How Sleep Disorders Interact with Headache and Migraine
- Sleep loss and oversleeping are common headache triggers.
- Regular, adequate sleep leads to fewer headaches.
- Common sleep disorders include: insomnia, sleep apnea, teeth grinding.
- Headaches that are linked to sleep include: wake-up headache and hypnic headache.
People living with migraine are between 2 and 8 times more likely to experience sleep disorders, compared with the general public. Those living with chronic migraine—which includes experiencing headache 15 or more days per month—report having almost twice the rates of insomnia as those with less frequent headaches. These higher-than-normal rates are due to migraine comorbidities and some migraine lifestyle factors that make good sleep harder to achieve. Fortunately, specific sleep patterns can be used to identify sleep disorders for treatment.
Common Sleep Disorders
The most common sleep problem for people living with migraine is insomnia. This includes difficulty falling or staying asleep, early morning awakenings and non-refreshing sleep. Insomnia impairs daytime functions, which results in fatigue, poor attention and concentration, and loss of motivation. In many cases, insomnia may stem from other chronic pain conditions, which makes it difficult to sleep comfortably and can disrupt normal sleeping patterns. For example, sleeping off a migraine attack in the day might delay your bedtime and throw your schedule off.
Providers diagnose insomnia with history or sleep diaries. Use a combined headache and sleep diary to diagnose insomnia and identify links between headache and sleep.
Snoring and Sleep Apnea
Regular snoring is a risk factor for chronic daily headache. Snoring may be the first sign of serious abnormal breathing, but not all snorers have obstructive sleep apnea, which is a condition that causes temporary pausing of breathing when asleep. Sleep apnea contributes to poor sleep routine; patients often awaken by headache or don’t feel rested after a full night’s sleep.
Symptoms of sleep apnea include apparent pauses in breathing, awakenings, nighttime urination, night sweats and daytime sleepiness. A significant proportion of sleep apnea-related headaches will improve or stop with the treatment of the apnea.
Waking up with a dull, constant headache or sore jaw can be a symptom of excessive teeth grinding, which can contribute to temporomandibular disorders. While many people grind or clench their teeth from time to time, frequent teeth grinding—known as bruxism—can harm the teeth and be symptomatic of excessive stress and poor sleep.
Simple behavioral changes that target stress reduction, or the use of a mouthguard, can help prevent bruxism and the associated headache.
Types of Headaches Linked to Sleep
The most common time for migraine to occur is in the early morning. People are vulnerable during the early morning because most over-the-counter and narcotic pain medications wear off in 4-8 hours, especially if they’re overusing those medications. Furthermore, many people will be asleep when the headache begins to emerge, missing the best time to take migraine medicines and rendering them less effective.
Hypnic headache is a rare, primary headache disorder characterized by frequently occurring headaches that happen only during sleep. Sometimes known as “alarm clock” headaches because they occur at night and awaken the person from a sound sleep, these headaches can last between 15 minutes and 4 hours. Although these headaches usually occur without any other symptoms, some people report migraine-like symptoms like nausea, light or sound sensitivity that accompany their headache. If the diagnosis is in question, you may sometimes be referred to a sleep specialist to rule out more serious causes of headache.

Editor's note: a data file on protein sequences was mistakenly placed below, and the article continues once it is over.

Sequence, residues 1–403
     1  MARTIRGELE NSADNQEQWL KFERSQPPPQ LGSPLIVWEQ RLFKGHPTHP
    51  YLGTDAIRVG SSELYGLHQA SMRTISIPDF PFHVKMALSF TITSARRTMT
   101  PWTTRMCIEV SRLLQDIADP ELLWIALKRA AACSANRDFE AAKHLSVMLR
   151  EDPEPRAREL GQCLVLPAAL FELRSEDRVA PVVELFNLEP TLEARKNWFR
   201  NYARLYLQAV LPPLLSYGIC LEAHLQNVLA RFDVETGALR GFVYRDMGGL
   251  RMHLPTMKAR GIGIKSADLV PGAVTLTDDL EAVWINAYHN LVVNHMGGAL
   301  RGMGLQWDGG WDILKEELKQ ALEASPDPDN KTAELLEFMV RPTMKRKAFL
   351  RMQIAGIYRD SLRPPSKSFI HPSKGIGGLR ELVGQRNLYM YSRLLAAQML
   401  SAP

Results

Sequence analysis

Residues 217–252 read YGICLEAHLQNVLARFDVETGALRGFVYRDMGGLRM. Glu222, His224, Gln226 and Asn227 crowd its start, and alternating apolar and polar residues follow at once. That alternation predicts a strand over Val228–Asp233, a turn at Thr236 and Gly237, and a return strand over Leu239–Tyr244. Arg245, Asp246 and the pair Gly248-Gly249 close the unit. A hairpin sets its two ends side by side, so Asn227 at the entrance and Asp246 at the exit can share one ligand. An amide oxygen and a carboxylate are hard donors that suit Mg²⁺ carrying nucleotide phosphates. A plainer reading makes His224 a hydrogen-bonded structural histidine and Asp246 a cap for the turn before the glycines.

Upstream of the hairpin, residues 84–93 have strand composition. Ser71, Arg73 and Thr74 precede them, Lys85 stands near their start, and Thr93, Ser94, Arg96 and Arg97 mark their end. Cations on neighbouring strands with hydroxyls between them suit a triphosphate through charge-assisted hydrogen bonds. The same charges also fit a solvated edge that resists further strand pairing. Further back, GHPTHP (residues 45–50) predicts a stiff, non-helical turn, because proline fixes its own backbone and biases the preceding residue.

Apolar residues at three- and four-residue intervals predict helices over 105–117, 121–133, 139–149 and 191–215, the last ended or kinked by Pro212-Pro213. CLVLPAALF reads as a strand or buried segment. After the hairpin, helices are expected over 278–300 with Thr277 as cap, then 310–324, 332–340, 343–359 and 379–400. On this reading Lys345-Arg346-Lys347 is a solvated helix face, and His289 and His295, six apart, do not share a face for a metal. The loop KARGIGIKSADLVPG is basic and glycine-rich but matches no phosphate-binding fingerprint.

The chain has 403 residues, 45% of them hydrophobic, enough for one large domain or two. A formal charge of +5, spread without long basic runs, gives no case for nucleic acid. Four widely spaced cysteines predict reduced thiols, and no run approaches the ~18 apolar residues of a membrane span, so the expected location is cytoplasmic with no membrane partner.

Cluster headaches are another primary headache that may develop during sleep. These excruciatingly severe attacks often develop within an hour of falling asleep. The pain tends to be most severe in, around or behind one eye; last 20 minutes to 3 hours; and are associated with drooping of that eyelid, redness or tearing of the eye, or running or stuffiness of the nostril on the side of the pain.
The Link Between Sleep, Headache and Mood
The same brain regions and chemical messengers impact sleep, headache and mood, so inadequate or poor quality sleep increases the odds for headache and mood change. For example, people living with migraine who also experience insomnia often suffer from anxiety or depression, which are also common migraine comorbidities. An effective migraine treatment plan would factor in the patient’s medical history and psychological factors.
The Importance of Healthy Sleep
Behavioral sleep changes can promote restful, regular sleep and reduce headache. Simple changes like establishing consistent sleep and wake-up times, as well as getting between 7 and 8 hours of sleep a day, can make a world of difference. Experts also recommend avoiding substances that impair sleep, like caffeine, nicotine, and alcohol, and also suggest winding down before bed to prevent sleep problems. To hear about how members of our community stick to healthy sleep habits, read this article from our resource library.
From comorbidities to daily habits, many factors explain why a wide variety of sleep events trigger headache. Understanding your migraine and identifying simple lifestyle changes can make all the difference. As you embark on this journey, find the resources and support you need through our doctor-verified resource library and migraine support group.
This article was last updated April 8, 2019.
Reviewed for accuracy by the American Migraine Foundation’s subject matter experts, headache specialists and medical advisers with deep knowledge and training in headache medicine. Click here to read about our editorial board members.